Express yourself even if people don’t understand (Opinion)

I will continue to get tattoos despite the criticism I receive from adults


Izzy Erickson

Tattoos are just another way to show who you are. Original art from featured image uniquely made for The Mav.

I got my first tattoo when I was 16 years old. It was a birthday present from my father, and it was something that we did together. While we didn’t get the same tattoos or tattoos that compliment each other, this experience helped build a memory I won’t ever forget. Especially because it is permanently inked on my body.

I am now 18 years old, and I have two tattoos; I am planning on getting more in the future.

My father has a lot of tattoos, so I grew up with him having this form of art on his body. I loved it. I couldn’t wait until I was allowed to get my own. Tattoos are art — they are a form of self expression for both the artist and the person getting the tattoo.

The client works with the tattoo artist to design something they want. Whether the tattoo has a deeper meaning to it or not, the client puts a part of themselves into the tattoo when they describe the tattoo they’re looking for and then sit through the time that it takes to ink it. The artist also puts a sincere effort into the tattoo when they take the time to draw it up and alter it if it isn’t exactly what the client wants. Then, when the artist is actually tattooing the piece onto the client, they spend a good deal of time making it perfect with shading, colors, lines, or even matching the handwriting of a client’s loved one — putting part of themselves into the piece.

So why is it that young people get so much criticism for tattoos?

Is it because you shouldn’t be “poisoning” your body? Is it because tattoos don’t align with many religions? Is it because “no one will want to hire someone with tattoos”? Is it because someone “might not like it when they’re older”?

These are all things that have been said to me by adults about my tattoos. And, frankly?

I don’t care.

I think the problem is that many people will criticize anything they don’t like. And because they have a right to freedom of speech by the First Amendment, they think they can say whatever they want to me. Well, just because you have freedom of speech doesn’t mean you have to be a jerk.

I don’t care about what other people think about my tattoos. They are meaningful to me, and I’m going to get something even if someone else doesn’t understand the meaning behind it.

My tattoos are a way that I express myself and mean a lot to me. That being said, I do not think that all tattoos should have meaning behind them — if someone wants to get something, let them do it. It is their body after all. And if someone simply doesn’t want to explain the meaning behind their tattoo to you, that’s alright too.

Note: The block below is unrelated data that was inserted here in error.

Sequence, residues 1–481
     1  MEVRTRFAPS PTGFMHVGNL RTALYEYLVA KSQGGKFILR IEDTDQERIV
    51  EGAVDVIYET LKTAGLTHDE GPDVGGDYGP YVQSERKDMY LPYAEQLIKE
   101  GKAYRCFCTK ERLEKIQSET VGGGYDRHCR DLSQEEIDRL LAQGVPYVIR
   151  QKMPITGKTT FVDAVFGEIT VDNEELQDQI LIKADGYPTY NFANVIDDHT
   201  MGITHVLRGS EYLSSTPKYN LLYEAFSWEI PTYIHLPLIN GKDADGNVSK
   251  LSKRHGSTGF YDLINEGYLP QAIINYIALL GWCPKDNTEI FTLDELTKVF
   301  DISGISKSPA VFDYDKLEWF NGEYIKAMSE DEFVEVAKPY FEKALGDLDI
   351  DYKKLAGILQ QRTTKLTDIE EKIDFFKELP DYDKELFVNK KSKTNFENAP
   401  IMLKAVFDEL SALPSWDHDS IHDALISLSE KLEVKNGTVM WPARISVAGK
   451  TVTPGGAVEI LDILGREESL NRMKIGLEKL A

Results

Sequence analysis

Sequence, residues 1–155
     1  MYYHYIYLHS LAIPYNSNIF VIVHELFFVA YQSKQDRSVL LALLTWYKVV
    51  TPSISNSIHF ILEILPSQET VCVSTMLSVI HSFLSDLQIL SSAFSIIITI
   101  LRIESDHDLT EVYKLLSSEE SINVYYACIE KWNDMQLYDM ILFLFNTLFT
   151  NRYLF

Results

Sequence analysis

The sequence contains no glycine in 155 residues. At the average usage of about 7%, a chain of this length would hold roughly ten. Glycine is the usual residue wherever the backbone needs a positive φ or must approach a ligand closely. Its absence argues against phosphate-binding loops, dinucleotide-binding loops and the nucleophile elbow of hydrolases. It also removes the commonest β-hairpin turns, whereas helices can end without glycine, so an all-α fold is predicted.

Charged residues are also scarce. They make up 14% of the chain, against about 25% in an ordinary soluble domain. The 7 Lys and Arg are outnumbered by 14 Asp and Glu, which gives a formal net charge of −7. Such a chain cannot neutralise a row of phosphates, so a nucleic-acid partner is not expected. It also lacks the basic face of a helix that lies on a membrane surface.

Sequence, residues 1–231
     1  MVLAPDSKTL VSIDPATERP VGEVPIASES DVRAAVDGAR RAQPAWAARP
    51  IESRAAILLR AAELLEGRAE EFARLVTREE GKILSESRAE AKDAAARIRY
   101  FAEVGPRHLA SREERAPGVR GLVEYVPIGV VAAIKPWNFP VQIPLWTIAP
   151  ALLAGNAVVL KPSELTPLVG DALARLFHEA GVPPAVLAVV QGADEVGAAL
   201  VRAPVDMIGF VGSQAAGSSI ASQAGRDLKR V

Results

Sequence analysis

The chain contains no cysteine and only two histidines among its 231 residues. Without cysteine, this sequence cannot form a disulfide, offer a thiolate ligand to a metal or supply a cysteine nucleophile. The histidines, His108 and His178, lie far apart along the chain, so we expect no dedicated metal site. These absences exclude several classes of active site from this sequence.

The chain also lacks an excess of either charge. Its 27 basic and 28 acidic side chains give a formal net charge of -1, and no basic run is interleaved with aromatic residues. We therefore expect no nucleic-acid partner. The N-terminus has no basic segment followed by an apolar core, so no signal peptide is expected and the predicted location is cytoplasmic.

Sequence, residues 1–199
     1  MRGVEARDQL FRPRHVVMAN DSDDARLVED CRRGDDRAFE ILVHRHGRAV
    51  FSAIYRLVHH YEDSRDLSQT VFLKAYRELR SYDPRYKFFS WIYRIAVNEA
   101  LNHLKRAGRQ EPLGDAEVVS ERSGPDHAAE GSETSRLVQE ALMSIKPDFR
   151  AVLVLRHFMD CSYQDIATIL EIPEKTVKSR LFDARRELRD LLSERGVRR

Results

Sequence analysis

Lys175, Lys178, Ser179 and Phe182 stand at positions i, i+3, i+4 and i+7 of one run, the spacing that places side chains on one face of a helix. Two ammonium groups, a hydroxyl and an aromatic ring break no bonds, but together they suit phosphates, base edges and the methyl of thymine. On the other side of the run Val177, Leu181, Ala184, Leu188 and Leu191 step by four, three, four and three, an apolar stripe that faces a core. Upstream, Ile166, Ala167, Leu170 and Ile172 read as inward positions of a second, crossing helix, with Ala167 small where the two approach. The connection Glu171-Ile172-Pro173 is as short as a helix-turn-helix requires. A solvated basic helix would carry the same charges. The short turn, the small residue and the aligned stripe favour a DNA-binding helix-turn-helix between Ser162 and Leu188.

My first tattoo is of a geometric wolf with watercolor music notes and a semicolon. I got it because wolves have been my favorite animal since I was a little girl as I grew up with a three-quarters wolf mix. Music has always been important to me and helped me work through my depression. As for the semicolon, it is commonly used to symbolize a person that has moved beyond their depression and is trying to continue forward to the next part of their story.

My second tattoo is from a book series that I started reading when I was 12 years old, have continued to read since, and will continue to read in the future as installments continue to be published. Within the books, there are runes (symbols that give the individual certain skills or abilities like strength or fearlessness), and I got the rune that means strength. I have been having a hard time lately, like many people because of the pandemic, and I needed a reminder that I am strong and can get past the hard times.

I don’t expect people to understand, and I know that I will face criticism about them for years to come, but I don’t understand why I should have to face that criticism. Tattoos are becoming more and more normalized in culture, and businesses aren’t segregating against individuals with tattoos anymore, as long as they are not outwardly inappropriate or vulgar.

As for tattoos not aligning with religions, I am not religious. I haven’t been for most of my life, and I don’t have any plans to be in the future. So when people try to guilt me for my tattoos using their own religion, it doesn’t really bother me. I am not going to suddenly believe in something I don’t because of a religious person’s strong feelings about my tattoos.

I will continue to express myself and will continue to get tattoos as long as I can because I enjoy getting tattoos. I enjoy being able to tell a story about my tattoos.

I enjoy being able to support the artists that have often faced criticism from individuals about tattooing not being a “real job”. Many artists have faced criticism for being artists in general, but tattoo artists can face even more criticism from people that don’t like tattoos.

Yeah, I am a teenager, and yeah, I might not like my tattoos in the future. But at the very least, it will be a memory I can look back on to remember my youth. You only have one life, so you shouldn’t live it to the point you will regret not doing something.

It’s about time that adults accept that just because they don’t agree with something, it doesn’t mean they can look down on a teenager that does like it.